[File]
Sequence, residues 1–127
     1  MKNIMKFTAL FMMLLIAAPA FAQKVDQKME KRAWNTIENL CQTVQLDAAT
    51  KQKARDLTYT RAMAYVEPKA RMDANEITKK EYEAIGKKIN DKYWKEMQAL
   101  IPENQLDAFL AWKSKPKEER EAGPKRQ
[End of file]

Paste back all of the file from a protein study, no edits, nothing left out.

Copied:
Sequence, residues 1–127
     1  MKNIMKFTAL FMMLLIAAPA FAQKVDQKME KRAWNTIENL CQTVQLDAAT
    51  KQKARDLTYT RAMAYVEPKA RMDANEITKK EYEAIGKKIN DKYWKEMQAL
   101  IPENQLDAFL AWKSKPKEER EAGPKRQ